Gary grew up in Massachusetts and I was raised in Kentucky. His winters were much harsher than mine, but we both have been around snow and ice most of our lives. We had sleds to go zooming down hills, and Gary had skiing and snowboarding. We had cars with 4-wheel or front wheel drive, and for those extreme storms, chains for tires. We had appropriate clothing that would keep us warm for hours and shoes that didn’t freeze our toes. We had alternate heat sources like fireplaces and kerosene heaters. We had insulated houses which included water pipes properly protected. Our city and county crews were prepared for the weather and started preparing as soon as temperatures in the fall started dropping. We had road crews that salted and scraped the minute the snow or ice started. We grew up in areas of the country that are prepared for snow, sleet, freezing rain, frozen fog, and any other winter mix that Mother Nature could throw at us.
It’s so cold!
However, we now live in Louisiana. Those that we know from our past lives in the North are astonished by the fact that a “little” snow and ice has shut the area down. Basically, the South is NOT equipped to deal with such temperatures. As I’m sitting here in my home that has not lost electricity and is sitting at 69 degrees, I’m somewhat cold. This is the normal temperature that I sit the house temperature on because it was the year Gary was born and I’m a Cancer so it makes me happy. Plus the electric company advised people to not overload the system with turning up thermostats and running electric heaters. So if this is the normal temperature for my house, why am I cold? My house is not designed for temperatures below freezing and especially not in the teens and lower. My 1950’s cottage still has its original windows. They are not double pained or insulated like new windows or windows further North. They are single pain and cold. Our beautiful hardwood floors are over a non-heated and non-insulated concrete slab. Our floors are cold to walk on. Luckily, I always have warm socks and fuzzy house shoes to keep my always cold feet toasty. Because fireplaces are rarely used in the South, ours was refinished to be decorative so it is not useful during these cold times. Our attic is for storage and his little insulation. We have a small electric heater in our bedroom that we turn on before bed to take the chill off the bedroom. We have an electric fireplace in the den, but it keeps tripping the circuit breaker. We bundle up and make the most of these cold days.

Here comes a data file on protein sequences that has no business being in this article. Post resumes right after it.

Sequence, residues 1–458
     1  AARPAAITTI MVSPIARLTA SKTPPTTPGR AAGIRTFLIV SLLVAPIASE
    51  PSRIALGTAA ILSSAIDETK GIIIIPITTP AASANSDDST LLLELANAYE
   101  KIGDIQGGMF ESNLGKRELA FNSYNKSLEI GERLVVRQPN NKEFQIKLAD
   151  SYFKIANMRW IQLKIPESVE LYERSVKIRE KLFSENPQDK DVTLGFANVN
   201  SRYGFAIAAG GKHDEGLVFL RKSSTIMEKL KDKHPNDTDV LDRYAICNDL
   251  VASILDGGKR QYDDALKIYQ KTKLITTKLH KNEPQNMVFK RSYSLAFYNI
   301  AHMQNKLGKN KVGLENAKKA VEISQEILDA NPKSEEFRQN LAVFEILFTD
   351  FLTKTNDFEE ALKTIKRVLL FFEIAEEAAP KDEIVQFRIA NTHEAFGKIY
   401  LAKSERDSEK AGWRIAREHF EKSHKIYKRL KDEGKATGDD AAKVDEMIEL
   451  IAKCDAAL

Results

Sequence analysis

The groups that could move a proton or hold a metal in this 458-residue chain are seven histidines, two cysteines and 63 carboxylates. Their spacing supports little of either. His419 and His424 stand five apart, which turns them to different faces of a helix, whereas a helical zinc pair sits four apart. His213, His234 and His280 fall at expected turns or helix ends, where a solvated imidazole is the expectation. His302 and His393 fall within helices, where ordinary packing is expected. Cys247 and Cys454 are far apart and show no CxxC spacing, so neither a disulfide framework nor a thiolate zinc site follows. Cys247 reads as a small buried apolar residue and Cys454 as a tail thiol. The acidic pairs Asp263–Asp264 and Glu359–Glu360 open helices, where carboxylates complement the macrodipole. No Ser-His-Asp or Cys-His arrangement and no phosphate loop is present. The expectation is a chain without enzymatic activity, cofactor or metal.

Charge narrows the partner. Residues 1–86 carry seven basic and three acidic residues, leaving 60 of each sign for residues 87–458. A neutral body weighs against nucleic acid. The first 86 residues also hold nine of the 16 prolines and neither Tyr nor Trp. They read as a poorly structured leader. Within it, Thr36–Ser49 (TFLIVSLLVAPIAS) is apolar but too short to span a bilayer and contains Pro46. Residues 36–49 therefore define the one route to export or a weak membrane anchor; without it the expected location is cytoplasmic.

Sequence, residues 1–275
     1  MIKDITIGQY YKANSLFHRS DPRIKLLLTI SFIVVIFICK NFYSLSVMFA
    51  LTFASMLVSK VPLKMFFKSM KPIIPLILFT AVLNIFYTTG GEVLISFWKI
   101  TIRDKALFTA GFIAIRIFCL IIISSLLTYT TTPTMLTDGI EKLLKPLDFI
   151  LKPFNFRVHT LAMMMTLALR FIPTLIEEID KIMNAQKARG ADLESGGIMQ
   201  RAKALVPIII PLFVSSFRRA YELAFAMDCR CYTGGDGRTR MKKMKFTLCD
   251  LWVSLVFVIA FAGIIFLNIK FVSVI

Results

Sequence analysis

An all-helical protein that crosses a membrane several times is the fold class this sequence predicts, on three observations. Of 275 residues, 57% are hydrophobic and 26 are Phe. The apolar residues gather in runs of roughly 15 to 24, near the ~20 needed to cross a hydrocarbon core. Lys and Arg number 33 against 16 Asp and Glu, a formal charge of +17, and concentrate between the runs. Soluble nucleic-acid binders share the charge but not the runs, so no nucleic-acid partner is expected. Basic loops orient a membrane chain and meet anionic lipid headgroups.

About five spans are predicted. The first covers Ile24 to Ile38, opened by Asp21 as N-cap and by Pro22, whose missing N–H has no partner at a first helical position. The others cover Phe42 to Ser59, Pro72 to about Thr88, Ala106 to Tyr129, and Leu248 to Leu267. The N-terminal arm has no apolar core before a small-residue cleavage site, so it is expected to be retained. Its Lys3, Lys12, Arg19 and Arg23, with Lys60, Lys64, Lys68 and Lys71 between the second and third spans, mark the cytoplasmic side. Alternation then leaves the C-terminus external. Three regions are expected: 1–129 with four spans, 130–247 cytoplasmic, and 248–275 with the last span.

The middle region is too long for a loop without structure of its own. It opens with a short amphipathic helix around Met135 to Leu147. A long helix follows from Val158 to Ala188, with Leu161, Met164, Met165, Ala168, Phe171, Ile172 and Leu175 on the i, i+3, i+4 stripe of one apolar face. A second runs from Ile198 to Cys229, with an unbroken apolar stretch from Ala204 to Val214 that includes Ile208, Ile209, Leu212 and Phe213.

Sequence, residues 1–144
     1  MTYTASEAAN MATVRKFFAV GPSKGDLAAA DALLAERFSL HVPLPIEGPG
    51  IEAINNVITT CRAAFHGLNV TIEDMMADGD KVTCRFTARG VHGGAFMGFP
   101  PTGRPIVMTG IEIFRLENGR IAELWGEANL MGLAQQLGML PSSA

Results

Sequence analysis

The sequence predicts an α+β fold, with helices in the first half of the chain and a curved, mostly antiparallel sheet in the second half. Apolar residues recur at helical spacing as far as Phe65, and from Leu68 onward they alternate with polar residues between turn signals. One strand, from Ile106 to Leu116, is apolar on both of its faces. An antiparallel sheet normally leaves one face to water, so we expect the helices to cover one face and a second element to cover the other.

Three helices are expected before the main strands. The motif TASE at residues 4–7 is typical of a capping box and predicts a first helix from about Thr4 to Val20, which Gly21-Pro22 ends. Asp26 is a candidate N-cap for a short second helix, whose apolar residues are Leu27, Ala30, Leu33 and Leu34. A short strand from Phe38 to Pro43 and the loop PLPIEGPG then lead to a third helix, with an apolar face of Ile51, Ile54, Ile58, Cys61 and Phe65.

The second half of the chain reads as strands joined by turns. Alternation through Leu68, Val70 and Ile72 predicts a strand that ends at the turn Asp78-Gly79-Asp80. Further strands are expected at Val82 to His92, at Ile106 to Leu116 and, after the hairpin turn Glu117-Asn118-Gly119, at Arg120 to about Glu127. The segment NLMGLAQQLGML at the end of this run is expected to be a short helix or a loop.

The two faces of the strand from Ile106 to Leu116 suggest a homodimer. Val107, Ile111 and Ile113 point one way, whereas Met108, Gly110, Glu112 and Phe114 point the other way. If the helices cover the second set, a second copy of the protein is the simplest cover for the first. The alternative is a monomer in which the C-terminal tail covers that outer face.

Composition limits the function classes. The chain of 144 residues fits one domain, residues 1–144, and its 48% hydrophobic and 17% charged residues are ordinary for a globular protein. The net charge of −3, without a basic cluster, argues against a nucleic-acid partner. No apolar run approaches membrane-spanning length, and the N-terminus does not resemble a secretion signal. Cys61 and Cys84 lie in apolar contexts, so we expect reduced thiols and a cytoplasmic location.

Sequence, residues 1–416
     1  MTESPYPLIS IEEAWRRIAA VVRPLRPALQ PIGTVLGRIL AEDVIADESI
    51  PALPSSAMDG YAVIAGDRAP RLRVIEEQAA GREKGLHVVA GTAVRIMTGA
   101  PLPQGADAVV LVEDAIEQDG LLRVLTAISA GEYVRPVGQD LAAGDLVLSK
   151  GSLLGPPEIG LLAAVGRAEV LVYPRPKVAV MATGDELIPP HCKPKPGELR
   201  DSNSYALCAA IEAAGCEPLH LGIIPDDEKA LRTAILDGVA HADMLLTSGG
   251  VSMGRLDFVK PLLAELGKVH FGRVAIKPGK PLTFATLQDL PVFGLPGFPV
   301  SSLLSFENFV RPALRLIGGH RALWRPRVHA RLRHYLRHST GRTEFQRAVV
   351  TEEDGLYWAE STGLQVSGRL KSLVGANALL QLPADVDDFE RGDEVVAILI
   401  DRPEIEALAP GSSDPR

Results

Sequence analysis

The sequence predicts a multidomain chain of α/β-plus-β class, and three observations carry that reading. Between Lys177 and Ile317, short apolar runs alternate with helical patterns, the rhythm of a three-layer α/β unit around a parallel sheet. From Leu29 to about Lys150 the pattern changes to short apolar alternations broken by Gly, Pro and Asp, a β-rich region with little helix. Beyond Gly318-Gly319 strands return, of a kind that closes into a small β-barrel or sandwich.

While writing this, we are on day 2 of no water. Again, why should water be an issue? The water mains in this area are old and every time the temperatures drop, there are breaks. With temperatures this low, the city and parish crews can not keep up with all the breaks. They are doing their best. I see them working all day every day. Looking out the windows of my house which is on a corner, there have been FIVE breaks within my sight. Two of those breaks have required water being turned off at my house. The first one was just for the afternoon and the second, well, we still have no water. When we did have water, it was a trickle and no water at all in my toilet. Thank goodness my sister, who lives in NJ, reminded me to fill the bathtub full of water so I could flush. However, that’s about gone so it looks like a day of hauling snow in from outside. Again, all of the water issues go back to lack of insulation. Louisiana was not designed for extreme temperatures like this.
The last issue I’ll address that seems to puzzle people is the lack of food, water, and gas. When you have whole sections of highways and roadways closed, there is no way to get necessities into the area. There was a section of I-20 that was closed from Monroe to Shreveport which is about 100 miles. There were bridges closed that led to main sections of the city. People could not get in or out of the city. Our raised roadways were frozen and impassable. We do not have road crews that are standing by to scrape and salt huge sections. Our crews are small and salt availability is minimal. They salt the bridges to keep them from freezing, but we all know salt only does so much. The road crews focus on the most important areas and try to stay on top of it the best they can. There is only so much that can be done when winter storms like this hit only once every several years. I believe the last storm like this was in 1983. The grocery stores and other stores in the area have been closed due to people not being able to get out of their homes and lack of electricity and/or water. One of the local grocery stores did remain open, but only two people were able to get into the store and it quickly dwindle to very little items. Businesses in the area are starting to reopen and supplies are slowly making their way back into the area. Normalcy is within reach.
Mother Nature has not been easy on Louisiana this last year! We have been hit by 3 major hurricanes and 2 tropical storms that destroyed huge chunks of the state, a couple of tornados, and now a winter storm that has taken out the remaining parts of the state. However, Louisiana is strong, our communities are supportive, and as always, we will come back!